Welcome to the Military Visualizations F-100D Super Sabre User Manual.
As proud as we are of this F-100D simulation, we are also very proud to
have you as a pilot/customer and thank you for your purchase!
High quality external model using normal, bump and specular maps
High quality internal model complete with custom 3D gauges
Realistic (and challenging!) Flight model
Aircraft configuration Management System
Realistic (plus easy) Startup scenarios
Extensive systems modeling
Weapons modeling including drag and center of gravity consideration
Sophisticated cockpit lighting
Drag Chute with custom drag modeling
Compressor Stall effects
High AoA buffeting effects
Ten beautifully detailed liveries (additional liveries available for download)
High resolution paint kit available for download
User Manual, Pilot's Flight Manual and Video tutorials
plus: VRS TacPack enabled
F-100 Pilot approved! (see credits)
About this Document:
The intention of this document is to highlight aspects of the model that are specific to
the simulation environment and MilViz's interpretation of the aircraft operation in the
simulator. These would include things such as; PC system requirements, software
installation, USB controller setup and aircraft systems basics such as starting the
engines, arming and firing the weapons, along with some of the systems and controls
limitations. You should find enough information here to get your F-100D in the air.
Safely back on the ground? Not so much!
This document does not to provide a complete suite of instructions for operating the F-
100D - the USAF has kindly done that for us! Please refer to the accompanying USAF
Series F-100D Flight Manual for further details.
Modelling/Painting: D. Usatiy, C. Pearson, B. Filer, C. Jodry, R. Mackintosh, B.Alexson
Coding: Brian Alexson, Collin Beidenkapp, Jon Bleeker, Chuck Jodry
Flight Dynamics: Brian Alexson (with thanks to Bernt Stolle for getting me rolling)
Sound: Brian Alexson, Mike Maarse (for items borrowed from F-4 soundset)
Installer: Bill Leaming
User Manual: Brian Alexson
Video Tutorials: Ville Keränen
XML Tools: Tom Aguilo
Afterburner Effect components: courtesy of Ted Wolfgang Rampey (AKA TuFun)
Toby Wills, Rick Mackintosh, Ville Keränen, Raptor, Storm, Dimus, Axflyboy, Razor6666
With a special thanks to Toby Wills (aka Rhino) for acting as liaison between our Pilot Consultants
and the development team!
F-100 Pilot Consultants:
These veteran fighter pilots were keenly interested in helping us bring one of their most-loved jets to
life. Their logged hours were in a combination of F-100C, D and F models, with the vast majority in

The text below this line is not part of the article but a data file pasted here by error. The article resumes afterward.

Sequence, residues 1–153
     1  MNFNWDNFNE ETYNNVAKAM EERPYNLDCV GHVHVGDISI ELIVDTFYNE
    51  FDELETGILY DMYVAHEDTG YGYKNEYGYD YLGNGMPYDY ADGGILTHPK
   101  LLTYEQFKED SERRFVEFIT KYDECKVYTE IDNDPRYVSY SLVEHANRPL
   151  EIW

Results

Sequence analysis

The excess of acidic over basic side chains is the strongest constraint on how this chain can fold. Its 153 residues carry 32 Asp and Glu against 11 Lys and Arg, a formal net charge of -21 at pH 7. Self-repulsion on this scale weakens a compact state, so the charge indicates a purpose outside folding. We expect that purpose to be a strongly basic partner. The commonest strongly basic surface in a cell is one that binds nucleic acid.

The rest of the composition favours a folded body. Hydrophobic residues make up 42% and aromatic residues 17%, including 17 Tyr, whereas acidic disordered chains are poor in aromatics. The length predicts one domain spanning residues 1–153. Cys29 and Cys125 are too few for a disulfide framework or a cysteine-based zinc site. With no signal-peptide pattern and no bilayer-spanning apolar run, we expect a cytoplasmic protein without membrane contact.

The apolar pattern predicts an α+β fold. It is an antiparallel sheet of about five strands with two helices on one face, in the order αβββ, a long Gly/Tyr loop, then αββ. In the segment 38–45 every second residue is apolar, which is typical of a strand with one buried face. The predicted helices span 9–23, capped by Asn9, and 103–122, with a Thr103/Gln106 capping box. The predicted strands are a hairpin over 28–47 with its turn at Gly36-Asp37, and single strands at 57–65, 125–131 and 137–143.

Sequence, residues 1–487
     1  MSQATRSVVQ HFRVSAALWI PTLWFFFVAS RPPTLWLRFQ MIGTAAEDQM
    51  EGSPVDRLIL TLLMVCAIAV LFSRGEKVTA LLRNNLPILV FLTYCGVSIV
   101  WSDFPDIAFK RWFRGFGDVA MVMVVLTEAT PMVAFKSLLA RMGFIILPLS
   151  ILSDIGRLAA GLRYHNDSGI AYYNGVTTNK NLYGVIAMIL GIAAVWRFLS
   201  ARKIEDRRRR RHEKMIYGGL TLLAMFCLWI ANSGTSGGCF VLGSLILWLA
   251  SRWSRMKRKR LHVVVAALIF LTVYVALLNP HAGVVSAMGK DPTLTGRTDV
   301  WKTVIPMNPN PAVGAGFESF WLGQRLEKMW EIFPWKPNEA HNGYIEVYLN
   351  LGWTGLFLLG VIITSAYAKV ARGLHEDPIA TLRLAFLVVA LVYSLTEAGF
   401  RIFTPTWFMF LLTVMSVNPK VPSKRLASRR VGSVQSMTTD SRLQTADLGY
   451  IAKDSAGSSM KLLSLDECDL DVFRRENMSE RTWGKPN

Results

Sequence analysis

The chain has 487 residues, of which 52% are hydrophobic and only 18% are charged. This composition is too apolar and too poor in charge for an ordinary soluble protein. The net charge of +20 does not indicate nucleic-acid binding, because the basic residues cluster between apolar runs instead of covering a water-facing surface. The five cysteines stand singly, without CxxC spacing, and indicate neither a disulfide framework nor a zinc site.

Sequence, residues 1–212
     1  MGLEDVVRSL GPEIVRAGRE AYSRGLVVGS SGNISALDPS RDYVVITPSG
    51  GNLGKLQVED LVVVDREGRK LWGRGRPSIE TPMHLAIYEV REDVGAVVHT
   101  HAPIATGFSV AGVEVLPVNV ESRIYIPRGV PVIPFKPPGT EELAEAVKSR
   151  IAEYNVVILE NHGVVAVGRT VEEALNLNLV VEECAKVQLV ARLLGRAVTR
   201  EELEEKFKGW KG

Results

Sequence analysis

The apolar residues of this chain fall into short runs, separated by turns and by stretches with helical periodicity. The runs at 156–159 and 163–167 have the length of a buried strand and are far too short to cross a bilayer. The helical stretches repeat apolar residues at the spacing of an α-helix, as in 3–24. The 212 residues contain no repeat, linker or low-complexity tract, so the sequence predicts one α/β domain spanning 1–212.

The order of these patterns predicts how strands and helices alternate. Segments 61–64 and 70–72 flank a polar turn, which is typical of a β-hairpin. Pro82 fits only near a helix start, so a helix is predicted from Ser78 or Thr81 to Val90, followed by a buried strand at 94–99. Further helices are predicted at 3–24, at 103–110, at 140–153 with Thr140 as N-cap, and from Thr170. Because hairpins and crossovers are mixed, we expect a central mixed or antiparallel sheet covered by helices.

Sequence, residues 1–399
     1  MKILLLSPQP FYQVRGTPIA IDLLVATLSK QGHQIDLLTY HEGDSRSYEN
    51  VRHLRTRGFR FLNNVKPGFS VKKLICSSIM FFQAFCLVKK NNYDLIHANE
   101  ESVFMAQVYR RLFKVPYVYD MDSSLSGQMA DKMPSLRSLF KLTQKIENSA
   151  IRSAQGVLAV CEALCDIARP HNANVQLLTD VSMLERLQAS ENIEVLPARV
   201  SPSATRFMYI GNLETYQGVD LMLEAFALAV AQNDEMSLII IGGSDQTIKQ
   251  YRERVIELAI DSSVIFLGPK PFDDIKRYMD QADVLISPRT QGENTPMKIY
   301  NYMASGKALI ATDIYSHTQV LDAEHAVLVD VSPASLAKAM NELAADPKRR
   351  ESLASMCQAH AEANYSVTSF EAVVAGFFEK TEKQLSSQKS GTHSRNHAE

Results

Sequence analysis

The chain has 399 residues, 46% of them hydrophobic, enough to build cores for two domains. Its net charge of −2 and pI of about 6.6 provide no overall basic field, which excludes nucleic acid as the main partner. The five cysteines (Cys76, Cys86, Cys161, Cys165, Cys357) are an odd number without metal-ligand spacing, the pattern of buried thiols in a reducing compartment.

the D. They all went on to fly other higher-performance aircraft in their Air Force careers, but the Hun
remains a favorite. They are:
Jerry Stamps, Captain, USAF (Sep)
Flew F-100 1961-63, 475 hrs. in type
Dennis Wills, Captain, USAF (Sep)
1962-63, 135 hrs. in type
Jim Pollak, Captain, USAF (Sep)
1963-68, 1490 hrs. in type (499 of which were combat - his harrowing shoot-down story
appears in the book, "Vietnam to Western Airlines.")
Ron Beyers, Colonel, USAF/ANG (Ret)
1963, 1972-79, 1700 hrs. in type
Introduction to the 'Hun'
Being not only the first of America's supersonic fighter, but in fact, the first in the world, the North
American F-100 represented a revolution in aircraft design. North American delivered an unsolicited
proposal for the Sabre 45 (because of it's 45° wing sweep) to the US Air Force in 1951 as an
evolution to their highly successful F-86 Sabre. Later that year the new aircraft was accepted as the
F-100 and by the end of 1952, the USAF had ordered 275 F-100As.
Seven months ahead of schedule, the first YF-100A flew in May 1953 and reached Mach 1.05 despite
being outfitted with a lower-powered XJ57-P-7 engine. The first production model flew in October of
that year. The F-100A first entered USAF service in September 1954 with the 479th Fighter Wing at
George AFB, California. But by November 1954, the F-100As suffered six major accidents due to
flight instability, structural failures, and hydraulic system failures, prompting the air force to ground the
entire fleet until February 1955.
First to fly in January, 1956, the F-100D aimed to address the design and offensive shortcomings of
previous F-100 variants by being primarily a ground attack aircraft with secondary fighter capabilities.
The aircraft was fitted with an autopilot upgraded avionics, and AIM-9 Sidewinder missile capability.